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Publication numberUS2773039 A
Publication typeGrant
Publication dateDec 4, 1956
Filing dateNov 24, 1952
Priority dateNov 24, 1952
Also published asDE1009998B
Publication numberUS 2773039 A, US 2773039A, US-A-2773039, US2773039 A, US2773039A
InventorsAlbers Schoenberg Ernst
Original AssigneeSteatite Res Corp
Export CitationBiBTeX, EndNote, RefMan
External Links: USPTO, USPTO Assignment, Espacenet
Magnetically strong ferromagnetic magnesium-zinc type of ferrite
US 2773039 A
Abstract  available in
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Description  (OCR text may contain errors)

United States Pa t.ent v 'Ernst -Albers Schoenberg, Metuchen; N. J., assignor to SteatiteResearclr Corporatiom Keasbey, N. J., a corporation of Delaware I N 0.- Drawing. Application Novembertzfl, .1952, Serial No. 322,339

1'Clairn. (Cl. 252-62.5)

{This invention relates toga magnetically strong ferromagnetic ceramic material consistingprimarily of .the magnesium zinc type of ferrite.

,.It ;is among the objects .of the-invention therefore to provide, a ferritebody which is..essentially. of.,the, zincmagnesium type but which has strong.magneticproperties and a relatively high Curie point.

Thev ferrites comprise a group of crystal type compounds of the general formula X(MO)Y(Fezs).:in which MO stands for one or several bivalent metal oxides and in which X:Y is approximately 1:1. Most ofthesecompounds have a spinel structure and ferromagnetic properties. When M"O is ferrous oxidesthe ferrite is the mineral magnetite. Most of the ferrites which have a high permeability contain an essential proportion of nickel oxide as "one of the bivalent metal oxides. Nickel .oxide is expensive and, restricted in war time so that it would be an advantage to produce a ferrite with high-permeability properties-withoutfthe addition' of any great amount 1 of nickel oxide.

One way of obtaining ferrites with good properties is to replace the nickel oxide by manganese oxide. Manganese zinc ferrites exhibit excellent properties but-these ferrites have to be'fired in a strictly controlledaneulral atmosphere, a procedure not easily carried out especially when large quantities of magnetic cores have to be handled. Manganese, furthermore, is not too plentiful either.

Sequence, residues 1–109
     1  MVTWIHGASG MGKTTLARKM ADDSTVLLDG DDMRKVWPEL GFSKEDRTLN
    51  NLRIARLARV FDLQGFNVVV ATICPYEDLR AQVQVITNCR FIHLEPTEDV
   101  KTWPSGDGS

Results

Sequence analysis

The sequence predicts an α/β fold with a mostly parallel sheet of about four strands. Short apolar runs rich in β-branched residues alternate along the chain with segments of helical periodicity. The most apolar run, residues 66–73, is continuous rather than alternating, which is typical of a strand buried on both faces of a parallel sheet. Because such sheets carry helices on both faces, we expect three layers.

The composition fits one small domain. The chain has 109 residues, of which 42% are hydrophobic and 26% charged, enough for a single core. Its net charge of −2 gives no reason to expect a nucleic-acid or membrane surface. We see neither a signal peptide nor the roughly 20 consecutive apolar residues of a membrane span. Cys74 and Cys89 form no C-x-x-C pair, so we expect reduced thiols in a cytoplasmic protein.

The ferrites made from the bivalent oxides of magnesium and zinc offer the advantage that these materials are easily available and that the magnesium-zinc ferrites do not require firing in a protective atmosphere, i. e., ;no special precautions need to be taken to include protective gases nor to exclude atmospheric air duripgf-firing, cooling or other heat treatment of these ferrites. However, there is a disadvantage too, the magnesiurn-zi-neien" rites are not very strong magnetically.

This application is a continuation-in-part of my application No. 248,889, filed September 28, 1951, now Patent No. 2,670,331. In that application the idea of improving the magnetic properties of the magnesium-zinc ferrites by substituting or adding a small amount of cupric oxide is disclosed. By such an addition of 1.58% of cupric oxide, or preferably 2-5 of the latter, a significant increase in initial permeability and saturation flux density and a great increase in maximum permeability is attained. In that application the possibility of adding nickel oxide as an optional constituent is also disclosed.

It has been found, however, that magnesium-zinc and magnesium-zinc-copper ferrites of high initial permeability-for a wide scope of applications initial permeabilities of 600 or more are required-the Curi point of such compositions comes down to about 90 to 95 C. When magnetic cores of such ferrites are employed in television sets, for example, the heat developed by the electronic tubes may raise the temperature of the core close to the temperature of 95 C. whereupon permeability 2,773,039 Fatnted Dec. 4, 1956 andsaturation, flux-. dens ity.-;drop and .-as a result the :voltage. required :across the transformereis; decreased.

,Ihisrinventionis based -onthe discoverythat arelatively minor amount of nickel-oxide addedto the composition of said prior application increases the magnetic strength as well as ,the Curie temperature to an unexpected degree permitting the employment of the resulting ferrites in devices which may develop higher temperatures. The amount of nickel oxide required to markedly improve the Curie point can be-as small'as 2% by weight. A maximum degree of improvement is noted with the addition of 2-4% of nickel although additional improvements in properties are noted with additions of 0ver.4.%. of nickel (up to 8%, for example).

Of course, as set forth-in said prior application any significant-amount of nickel oxide'improves the properties of the product. :However, since the nickel is scarce; emphasis is laid on'the fact that in'the 4-bivalent oxide ferrite system MgO-NiOCuOZnOFe'zO-3 a comparatively smallamount of nickel oxide works Qutvery effectively. I The copperwoxide (C140) is added -ingthe proportion of 1.257%. It may be added as such or in the form of asalt such as the basic copper carbonate, for example, (Cu(OH)2.2CuCO3).